Sensitivity and specificity of the step VEP in suspected functional visual acuity loss
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Early and accurate diagnosis of functional visual loss (FVL) allows optimum management. Visual evoked potentials (VEPs) offer a means of objectively estimating acuity and therefore could assist with early and accurate diagnosis. The aim of this study was to assess the sensitivity and specificity of the step VEP in diagnosing FVL.
A retrospective audit was conducted in 36 school-aged children presenting with reduced visual acuity and clinical suspicion of FVL. All had undergone step VEP testing as part of their investigation. Medical notes were reviewed, and where necessary, referring centres, general practitioners or electronic clinical portals were consulted to obtain longer-term outcome data.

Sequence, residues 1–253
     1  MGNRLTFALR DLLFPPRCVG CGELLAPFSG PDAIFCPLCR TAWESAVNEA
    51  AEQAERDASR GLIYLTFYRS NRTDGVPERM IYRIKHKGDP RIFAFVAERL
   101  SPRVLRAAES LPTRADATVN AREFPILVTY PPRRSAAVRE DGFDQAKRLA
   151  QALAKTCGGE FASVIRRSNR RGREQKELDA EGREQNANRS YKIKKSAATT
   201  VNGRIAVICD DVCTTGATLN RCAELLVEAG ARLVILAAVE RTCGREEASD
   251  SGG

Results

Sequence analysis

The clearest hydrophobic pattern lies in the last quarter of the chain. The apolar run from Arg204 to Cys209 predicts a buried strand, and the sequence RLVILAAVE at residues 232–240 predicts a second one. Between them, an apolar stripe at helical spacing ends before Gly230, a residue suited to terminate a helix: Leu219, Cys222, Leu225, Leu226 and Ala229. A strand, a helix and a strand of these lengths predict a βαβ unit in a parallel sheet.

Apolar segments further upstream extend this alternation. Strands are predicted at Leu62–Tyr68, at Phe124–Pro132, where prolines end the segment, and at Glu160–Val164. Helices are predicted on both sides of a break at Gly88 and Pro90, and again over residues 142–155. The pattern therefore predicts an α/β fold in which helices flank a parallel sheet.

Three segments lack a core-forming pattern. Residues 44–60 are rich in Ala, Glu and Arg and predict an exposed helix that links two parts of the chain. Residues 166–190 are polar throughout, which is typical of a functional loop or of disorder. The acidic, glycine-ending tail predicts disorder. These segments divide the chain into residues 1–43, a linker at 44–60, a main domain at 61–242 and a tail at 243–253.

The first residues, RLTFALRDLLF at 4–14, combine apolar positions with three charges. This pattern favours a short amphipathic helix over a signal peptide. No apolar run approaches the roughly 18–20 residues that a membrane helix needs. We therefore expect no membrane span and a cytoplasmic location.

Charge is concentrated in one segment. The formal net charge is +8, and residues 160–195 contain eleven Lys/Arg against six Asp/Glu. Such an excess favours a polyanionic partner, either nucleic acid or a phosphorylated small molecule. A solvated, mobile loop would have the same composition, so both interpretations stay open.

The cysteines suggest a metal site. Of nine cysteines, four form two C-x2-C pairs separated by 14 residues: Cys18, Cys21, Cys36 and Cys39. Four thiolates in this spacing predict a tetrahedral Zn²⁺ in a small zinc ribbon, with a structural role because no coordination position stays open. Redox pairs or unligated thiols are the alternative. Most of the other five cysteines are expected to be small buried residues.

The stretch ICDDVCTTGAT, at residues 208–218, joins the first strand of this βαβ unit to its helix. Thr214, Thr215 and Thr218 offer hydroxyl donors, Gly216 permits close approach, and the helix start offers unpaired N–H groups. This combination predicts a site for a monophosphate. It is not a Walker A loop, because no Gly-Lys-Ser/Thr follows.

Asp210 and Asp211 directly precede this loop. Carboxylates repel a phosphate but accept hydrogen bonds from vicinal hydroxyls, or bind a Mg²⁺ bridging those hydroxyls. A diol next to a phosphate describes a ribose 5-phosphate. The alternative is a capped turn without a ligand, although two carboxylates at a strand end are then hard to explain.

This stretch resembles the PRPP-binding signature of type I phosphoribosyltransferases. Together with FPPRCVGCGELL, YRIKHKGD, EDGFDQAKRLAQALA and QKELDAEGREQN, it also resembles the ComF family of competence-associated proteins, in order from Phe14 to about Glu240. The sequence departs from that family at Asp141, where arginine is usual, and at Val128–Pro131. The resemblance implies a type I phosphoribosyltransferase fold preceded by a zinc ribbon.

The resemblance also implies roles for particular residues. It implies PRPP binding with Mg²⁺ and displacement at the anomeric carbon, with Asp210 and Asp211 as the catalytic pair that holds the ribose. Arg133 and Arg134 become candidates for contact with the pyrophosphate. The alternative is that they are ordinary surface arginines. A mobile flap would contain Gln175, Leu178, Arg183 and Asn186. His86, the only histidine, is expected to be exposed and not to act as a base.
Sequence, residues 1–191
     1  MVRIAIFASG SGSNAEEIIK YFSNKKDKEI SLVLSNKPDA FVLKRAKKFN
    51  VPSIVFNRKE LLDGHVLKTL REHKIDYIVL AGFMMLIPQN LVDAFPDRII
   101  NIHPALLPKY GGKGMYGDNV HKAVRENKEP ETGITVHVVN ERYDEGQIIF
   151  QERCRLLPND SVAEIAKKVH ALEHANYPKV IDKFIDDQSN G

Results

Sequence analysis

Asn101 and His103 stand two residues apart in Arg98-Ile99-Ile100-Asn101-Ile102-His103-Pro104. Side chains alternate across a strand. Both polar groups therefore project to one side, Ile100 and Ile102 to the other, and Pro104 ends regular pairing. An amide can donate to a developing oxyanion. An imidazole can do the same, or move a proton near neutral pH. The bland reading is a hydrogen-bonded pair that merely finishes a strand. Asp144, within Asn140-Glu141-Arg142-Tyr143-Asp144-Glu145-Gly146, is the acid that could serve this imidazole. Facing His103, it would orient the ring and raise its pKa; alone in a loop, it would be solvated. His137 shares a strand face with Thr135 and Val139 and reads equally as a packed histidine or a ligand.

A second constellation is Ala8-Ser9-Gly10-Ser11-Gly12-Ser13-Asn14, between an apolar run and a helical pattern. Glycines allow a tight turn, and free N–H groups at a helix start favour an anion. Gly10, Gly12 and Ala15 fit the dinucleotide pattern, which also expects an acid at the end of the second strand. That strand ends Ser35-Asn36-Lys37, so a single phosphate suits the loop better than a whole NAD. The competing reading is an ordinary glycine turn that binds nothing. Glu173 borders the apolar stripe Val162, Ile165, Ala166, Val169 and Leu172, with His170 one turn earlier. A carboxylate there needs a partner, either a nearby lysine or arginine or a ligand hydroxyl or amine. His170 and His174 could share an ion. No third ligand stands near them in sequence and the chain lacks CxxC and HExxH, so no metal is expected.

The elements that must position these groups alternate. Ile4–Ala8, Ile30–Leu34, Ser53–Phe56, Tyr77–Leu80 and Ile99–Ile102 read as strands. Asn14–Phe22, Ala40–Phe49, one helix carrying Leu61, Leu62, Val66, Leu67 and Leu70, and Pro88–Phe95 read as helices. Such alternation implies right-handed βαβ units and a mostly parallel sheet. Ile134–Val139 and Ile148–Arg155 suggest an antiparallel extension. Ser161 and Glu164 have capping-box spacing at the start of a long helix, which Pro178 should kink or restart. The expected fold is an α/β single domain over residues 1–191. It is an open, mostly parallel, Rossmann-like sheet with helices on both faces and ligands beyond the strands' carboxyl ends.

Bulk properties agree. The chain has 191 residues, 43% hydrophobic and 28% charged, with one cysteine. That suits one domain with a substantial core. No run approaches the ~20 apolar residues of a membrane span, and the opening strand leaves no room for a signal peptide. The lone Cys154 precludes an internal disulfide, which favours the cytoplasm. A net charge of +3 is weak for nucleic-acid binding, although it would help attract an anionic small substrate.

Twenty-seven of the 36 patients (75 %) were classified as having had FVL: all had a normal step VEP spatial threshold. Nine patients (25 %) had an organic cause for their acuity loss, of whom seven had abnormal step VEP spatial thresholds: the other two patients had some functional overlay to their organic disease. The step VEP sensitivity was 78 % (95 % confidence interval 40–96 %), and specificity was 100 % (95 % confidence interval 84–100 %).
The high specificity of the step VEP for FVL warrants increased suspicion of an organic cause should the step VEP spatial threshold be abnormal.
KeywordsVisual evoked potentials Visual acuity Conversion disorder Functional visual loss
The authors thank the following for providing some of the patients described in this series: Dr. A Brown, Dr. J Dudgeon, Dr. R Bowman, Dr. S Gupta, Dr. I Hanna, Dr. I Hunter, Dr. N Kennedy, Dr. J Kerr, Dr. D Mansfield and Dr. M O’Regan.
Conflict of interests
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